This scene where Tom has hidden in a package addressed to Jerry is sometimes edited out. Originally Jerry sticks hat pins into the package sawing it in half. Taking a look at what is hidden inside the box, Jerry shows a message: “Is there a doctor in the house?”
Episode “The Mouse Comes to Dinner” (2 May 1945)
This episode often begins showing Tom popping out of the potted plant. However the original version included a scene with Mammy setting the dinner table and Jerry who is pretending to be a Red Indian.
Episode “Mouse in Manhattan” (7 July 1945)
Blackface gag is removed from this episode.
Episode “Flirty Birdy” (22 Sept 1945)
The bird tosses Tom out of a tree into a garden path then Tom gets pulled back up the tree and thrown down the hollow trunk into the laundry on the washing line where Tom does an Indian chief impression (there is no laundry basket). The edited version ends the scene after he hits the path.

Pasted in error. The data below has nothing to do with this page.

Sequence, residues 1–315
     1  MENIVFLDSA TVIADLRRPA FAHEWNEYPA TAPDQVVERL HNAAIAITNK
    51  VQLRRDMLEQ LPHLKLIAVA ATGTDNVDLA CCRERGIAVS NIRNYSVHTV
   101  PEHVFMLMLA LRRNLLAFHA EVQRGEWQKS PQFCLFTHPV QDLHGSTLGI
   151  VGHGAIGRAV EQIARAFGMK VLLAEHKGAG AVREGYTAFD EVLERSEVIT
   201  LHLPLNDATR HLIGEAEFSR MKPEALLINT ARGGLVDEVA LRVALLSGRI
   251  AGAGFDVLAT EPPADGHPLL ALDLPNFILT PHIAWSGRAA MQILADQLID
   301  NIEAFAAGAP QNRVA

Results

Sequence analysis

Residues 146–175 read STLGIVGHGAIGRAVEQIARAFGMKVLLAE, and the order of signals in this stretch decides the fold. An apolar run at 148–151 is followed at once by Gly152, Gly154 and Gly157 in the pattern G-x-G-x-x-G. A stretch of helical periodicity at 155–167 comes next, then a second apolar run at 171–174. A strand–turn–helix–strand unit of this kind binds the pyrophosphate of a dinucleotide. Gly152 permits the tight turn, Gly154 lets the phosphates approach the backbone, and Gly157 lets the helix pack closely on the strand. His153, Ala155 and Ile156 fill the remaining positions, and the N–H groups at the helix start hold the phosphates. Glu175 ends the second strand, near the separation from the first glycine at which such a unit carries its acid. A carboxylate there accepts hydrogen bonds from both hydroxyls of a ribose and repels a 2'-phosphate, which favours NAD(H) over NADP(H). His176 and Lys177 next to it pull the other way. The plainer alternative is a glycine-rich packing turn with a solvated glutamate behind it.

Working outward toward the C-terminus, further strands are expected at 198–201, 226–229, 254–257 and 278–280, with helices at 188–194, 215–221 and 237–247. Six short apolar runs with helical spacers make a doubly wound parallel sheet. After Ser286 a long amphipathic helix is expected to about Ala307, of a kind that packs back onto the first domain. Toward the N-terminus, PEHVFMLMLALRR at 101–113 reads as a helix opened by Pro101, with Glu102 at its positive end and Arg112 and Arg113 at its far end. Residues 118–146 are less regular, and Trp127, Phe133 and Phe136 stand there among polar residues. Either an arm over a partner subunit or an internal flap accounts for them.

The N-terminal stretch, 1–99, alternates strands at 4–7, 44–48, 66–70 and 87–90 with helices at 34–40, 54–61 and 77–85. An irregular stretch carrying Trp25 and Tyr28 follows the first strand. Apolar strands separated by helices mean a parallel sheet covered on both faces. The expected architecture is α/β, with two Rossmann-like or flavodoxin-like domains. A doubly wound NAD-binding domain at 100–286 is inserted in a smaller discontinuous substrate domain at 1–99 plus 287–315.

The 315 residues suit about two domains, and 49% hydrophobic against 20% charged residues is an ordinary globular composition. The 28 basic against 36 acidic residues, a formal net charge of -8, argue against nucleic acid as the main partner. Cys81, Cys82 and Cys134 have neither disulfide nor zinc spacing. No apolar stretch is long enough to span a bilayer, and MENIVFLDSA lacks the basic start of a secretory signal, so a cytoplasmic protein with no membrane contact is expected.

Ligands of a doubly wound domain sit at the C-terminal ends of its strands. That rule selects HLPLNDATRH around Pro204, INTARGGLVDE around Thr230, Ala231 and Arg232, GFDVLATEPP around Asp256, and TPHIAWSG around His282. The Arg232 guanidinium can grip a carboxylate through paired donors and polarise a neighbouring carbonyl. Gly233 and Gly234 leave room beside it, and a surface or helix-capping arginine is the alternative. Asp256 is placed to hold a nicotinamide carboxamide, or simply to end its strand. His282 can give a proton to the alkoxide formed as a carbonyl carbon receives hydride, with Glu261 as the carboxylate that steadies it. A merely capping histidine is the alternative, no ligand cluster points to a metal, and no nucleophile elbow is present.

An alternate cut to this cartoon is to leave all the visuals intact and remove some words, originally the bird says "Going Down" just before he throws Tom down the inside of the tree trunk, and "She loves me" when they play around the brick chimney but these get muted.
Episode “The Milky Waif” (18 May 1946)
Missing is a scene where Jerry and Nibbles try to fool Tom by disguising themselves as "slave stereotypes" with some shoe polish. In the cut version you see Nibbles, held up by Jerry, spitting milk into Tom's face, then you see them run away from Tom into another room where Tom gets a frying pan in the face.
Episode "Trap Happy" (29 June 1946)